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Proposed Towers on Queens Boulevard Deemed Too Big, CB2 Rejects Developer’s Application for Zoning Change

Perkins Eastman Architects via Department of City Planning

June 8, 2018 By Christian Murray

Community Board 2 voted Thursday to reject a developer’s bid to be granted a zoning variance in order to build a two-tower, 561-unit development along Queens Boulevard in Woodside.

The rejection represents another blow for the developer, Madison Realty Capital, in its quest to get a zoning change that would permit two buildings—one 17 stories and the other 14 stories–to rise at 69-02 Queens Boulevard.

The board vote, while advisory, follows Council Member Robert Holden’s announcement last month that he is opposed to the rezoning. The property is in Holden’s council district and his opinion will have enormous influence when the proposal is up for a vote in the city council.

Madison, under the existing zoning, is able to build a 12 story building that would consist of 289 units, 58 of which could be affordable.

The company, however, is looking to build much higher and obtain the right to build 561 units. In exchange, 30 percent of the units—or 168 apartments- would be affordable, meeting the city’s Mandatory Inclusionary Housing (MIH) zoning rules. Those rules require developers to construct between 25 and 30 percent of their units as “affordable” when a rezoning takes place.

Madison argues that there is a shortage of affordable housing in Queens and that the city should take advantage of its plan to bring workforce housing to the borough.

“There is a well-recognized need for affordable housing in New York City,” the company said in a statement. “We have the opportunity to provide 168 newly constructed, well-located affordable units in our Woodside project if the requested zoning change is granted… It would be a mistake to build fewer affordable units where there is an opportunity to build more.”

The board rejected the plan arguing that this stretch of Queens Boulevard was upzoned in 2006 and that a variance permitting an even bigger development would set a bad precedent. Many residents remain—as well as Holden—critical of the 2006 upzoning, which opened the door for large-scale development.

The plan has been panned by many residents who argue that the development would add to school overcrowding and cause traffic problems along the boulevard.

The proposal, as part of the lengthy public review process, will now go on to be reviewed by the Queens Borough President, City Planning Commission and the City Council.

The plan is unlikely to be approved by the city council, since it is custom for council members to vote in lockstep with the representative of the district where a development is proposed.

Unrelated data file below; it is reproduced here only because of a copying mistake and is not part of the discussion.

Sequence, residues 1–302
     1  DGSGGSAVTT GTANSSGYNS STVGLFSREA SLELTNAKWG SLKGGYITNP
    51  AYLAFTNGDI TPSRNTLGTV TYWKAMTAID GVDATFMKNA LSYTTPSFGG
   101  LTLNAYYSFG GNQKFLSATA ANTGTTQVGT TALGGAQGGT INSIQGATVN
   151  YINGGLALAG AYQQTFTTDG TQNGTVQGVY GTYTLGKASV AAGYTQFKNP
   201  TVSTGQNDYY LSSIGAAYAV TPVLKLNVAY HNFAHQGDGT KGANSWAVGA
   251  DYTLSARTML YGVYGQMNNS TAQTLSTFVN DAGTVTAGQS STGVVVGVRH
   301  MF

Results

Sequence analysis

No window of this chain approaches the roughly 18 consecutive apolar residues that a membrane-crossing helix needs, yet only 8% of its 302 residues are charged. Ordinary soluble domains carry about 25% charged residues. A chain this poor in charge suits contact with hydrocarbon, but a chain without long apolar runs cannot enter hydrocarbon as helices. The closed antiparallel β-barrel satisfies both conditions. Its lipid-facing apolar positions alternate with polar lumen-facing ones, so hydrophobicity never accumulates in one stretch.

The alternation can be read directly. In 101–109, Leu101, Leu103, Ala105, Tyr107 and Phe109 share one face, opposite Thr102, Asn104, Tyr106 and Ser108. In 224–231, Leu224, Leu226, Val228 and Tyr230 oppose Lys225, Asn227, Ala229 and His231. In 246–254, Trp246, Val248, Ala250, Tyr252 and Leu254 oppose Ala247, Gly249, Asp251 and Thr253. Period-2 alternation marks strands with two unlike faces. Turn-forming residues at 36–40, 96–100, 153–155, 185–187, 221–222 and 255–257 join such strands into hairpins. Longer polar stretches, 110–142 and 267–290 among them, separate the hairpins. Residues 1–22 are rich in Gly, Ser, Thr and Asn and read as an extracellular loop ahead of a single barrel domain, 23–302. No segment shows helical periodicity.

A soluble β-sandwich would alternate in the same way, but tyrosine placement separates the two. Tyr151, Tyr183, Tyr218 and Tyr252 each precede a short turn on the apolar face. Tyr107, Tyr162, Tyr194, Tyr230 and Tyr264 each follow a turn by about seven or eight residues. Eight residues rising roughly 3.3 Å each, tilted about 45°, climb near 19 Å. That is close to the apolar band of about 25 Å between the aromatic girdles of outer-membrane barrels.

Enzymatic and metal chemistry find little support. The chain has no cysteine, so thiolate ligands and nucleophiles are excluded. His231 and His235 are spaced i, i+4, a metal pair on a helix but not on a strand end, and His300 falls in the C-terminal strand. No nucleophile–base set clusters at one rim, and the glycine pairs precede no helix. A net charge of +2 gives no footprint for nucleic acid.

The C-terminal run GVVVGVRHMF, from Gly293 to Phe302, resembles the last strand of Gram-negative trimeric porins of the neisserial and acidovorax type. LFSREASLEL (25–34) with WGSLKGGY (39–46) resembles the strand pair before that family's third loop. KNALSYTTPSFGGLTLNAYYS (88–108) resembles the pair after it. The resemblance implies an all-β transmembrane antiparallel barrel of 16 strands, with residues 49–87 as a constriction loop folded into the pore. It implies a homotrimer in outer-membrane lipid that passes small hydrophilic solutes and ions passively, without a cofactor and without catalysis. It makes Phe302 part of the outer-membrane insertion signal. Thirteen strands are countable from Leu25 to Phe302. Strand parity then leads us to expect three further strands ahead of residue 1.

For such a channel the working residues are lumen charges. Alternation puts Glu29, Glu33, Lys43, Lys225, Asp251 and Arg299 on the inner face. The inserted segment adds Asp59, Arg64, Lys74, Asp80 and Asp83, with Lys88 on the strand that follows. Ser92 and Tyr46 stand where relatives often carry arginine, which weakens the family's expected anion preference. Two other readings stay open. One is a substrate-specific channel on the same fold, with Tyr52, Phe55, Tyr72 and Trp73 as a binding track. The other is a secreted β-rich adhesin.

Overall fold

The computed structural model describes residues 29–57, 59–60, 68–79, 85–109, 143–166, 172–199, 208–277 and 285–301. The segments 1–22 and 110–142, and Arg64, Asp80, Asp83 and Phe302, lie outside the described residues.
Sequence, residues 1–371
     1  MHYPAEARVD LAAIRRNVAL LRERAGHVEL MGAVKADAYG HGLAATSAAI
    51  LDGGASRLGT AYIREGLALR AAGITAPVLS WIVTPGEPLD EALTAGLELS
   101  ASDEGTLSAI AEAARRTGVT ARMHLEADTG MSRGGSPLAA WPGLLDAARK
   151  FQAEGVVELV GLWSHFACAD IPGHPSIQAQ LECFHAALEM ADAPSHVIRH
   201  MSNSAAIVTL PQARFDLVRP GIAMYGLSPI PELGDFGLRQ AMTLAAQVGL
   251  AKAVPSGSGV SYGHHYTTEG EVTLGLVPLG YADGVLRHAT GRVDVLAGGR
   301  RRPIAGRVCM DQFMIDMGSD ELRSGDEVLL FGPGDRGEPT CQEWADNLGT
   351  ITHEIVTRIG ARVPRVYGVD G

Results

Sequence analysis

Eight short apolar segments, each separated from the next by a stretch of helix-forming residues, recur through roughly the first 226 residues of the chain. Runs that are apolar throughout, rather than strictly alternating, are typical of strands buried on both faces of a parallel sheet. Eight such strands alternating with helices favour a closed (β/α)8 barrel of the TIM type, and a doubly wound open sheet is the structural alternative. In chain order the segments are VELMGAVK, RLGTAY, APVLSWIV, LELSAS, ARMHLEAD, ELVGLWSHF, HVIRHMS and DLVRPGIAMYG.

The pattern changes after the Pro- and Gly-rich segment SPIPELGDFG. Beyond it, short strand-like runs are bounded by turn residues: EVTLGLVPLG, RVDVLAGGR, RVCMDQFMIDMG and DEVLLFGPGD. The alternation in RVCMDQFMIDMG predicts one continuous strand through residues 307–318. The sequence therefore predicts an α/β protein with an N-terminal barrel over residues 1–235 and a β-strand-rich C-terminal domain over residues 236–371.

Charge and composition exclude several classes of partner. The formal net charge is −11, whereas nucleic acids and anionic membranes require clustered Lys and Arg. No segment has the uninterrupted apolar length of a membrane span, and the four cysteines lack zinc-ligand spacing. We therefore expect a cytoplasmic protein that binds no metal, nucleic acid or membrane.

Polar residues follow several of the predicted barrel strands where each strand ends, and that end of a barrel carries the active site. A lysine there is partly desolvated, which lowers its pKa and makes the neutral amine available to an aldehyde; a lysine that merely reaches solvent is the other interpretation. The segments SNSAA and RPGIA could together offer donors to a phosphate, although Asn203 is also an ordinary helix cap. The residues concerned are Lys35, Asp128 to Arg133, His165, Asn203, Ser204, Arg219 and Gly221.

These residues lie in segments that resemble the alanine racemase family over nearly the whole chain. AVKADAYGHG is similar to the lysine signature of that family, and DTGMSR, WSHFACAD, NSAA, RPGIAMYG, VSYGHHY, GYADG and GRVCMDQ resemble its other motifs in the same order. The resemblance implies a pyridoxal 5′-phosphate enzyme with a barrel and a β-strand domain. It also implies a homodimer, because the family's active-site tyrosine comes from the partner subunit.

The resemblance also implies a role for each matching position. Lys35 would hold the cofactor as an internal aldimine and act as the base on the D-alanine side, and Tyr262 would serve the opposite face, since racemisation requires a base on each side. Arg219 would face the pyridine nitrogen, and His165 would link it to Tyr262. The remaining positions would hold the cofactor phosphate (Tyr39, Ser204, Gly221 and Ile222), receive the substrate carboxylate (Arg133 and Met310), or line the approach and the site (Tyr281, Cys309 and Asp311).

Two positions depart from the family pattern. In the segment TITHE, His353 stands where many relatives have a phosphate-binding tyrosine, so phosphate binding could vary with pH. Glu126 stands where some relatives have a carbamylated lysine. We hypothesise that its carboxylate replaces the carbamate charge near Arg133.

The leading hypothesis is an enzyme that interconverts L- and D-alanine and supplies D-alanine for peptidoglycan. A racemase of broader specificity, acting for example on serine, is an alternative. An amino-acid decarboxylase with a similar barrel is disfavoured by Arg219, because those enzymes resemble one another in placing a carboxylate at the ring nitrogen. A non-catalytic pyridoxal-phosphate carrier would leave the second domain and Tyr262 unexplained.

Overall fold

Aerial view of the project site (Perkins Eastman Architects via DCP)

 

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4 Comments

Anonymous

So good to see a small victory for community involvement. Mediawatcher, note how LIC’s overdevelopment has caused school & transit overcrowding, etc. Sunnysiders are trying to prevent another fiasco. Those towers cramming every inch of space by the Queen’s borough Bridge look like they will topple over on us, like in an old Godzilla .movie. Good for CB2 standing up for reason!




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LIC Neighbor

And if it gets built look at how much money went into the coffers of Jimmy Van Bramer’s reelection bid for “Queens Borough President” by this developer, the developer’s family members and friends.




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fdsafsdaf

Every unit not built means that more people will be fighting for the existing units, causing rents and prices to rise.

My generation is getting completely screwed over. Population grows over time, it’s completely ridiculous to expect us to pay more than half of our income on rent.




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mediawatcher

This project is exactly the type of new development this area needs! Madison will rent out these apartments before the first brick is laid, and many more are needed. New schools, and improvements to transportation and infrastructure will follow, as this stretch of Queens Boulevard continues its transformation from desolation and underutilization, into a modern urban corridor.
The naysayers are the usual NIMBY’s, whose idea of development stops at single-family housing. CB2 can be relied upon to vote thumbs-down on any development that makes sense, but their opinion, thankfully. is only advisory.




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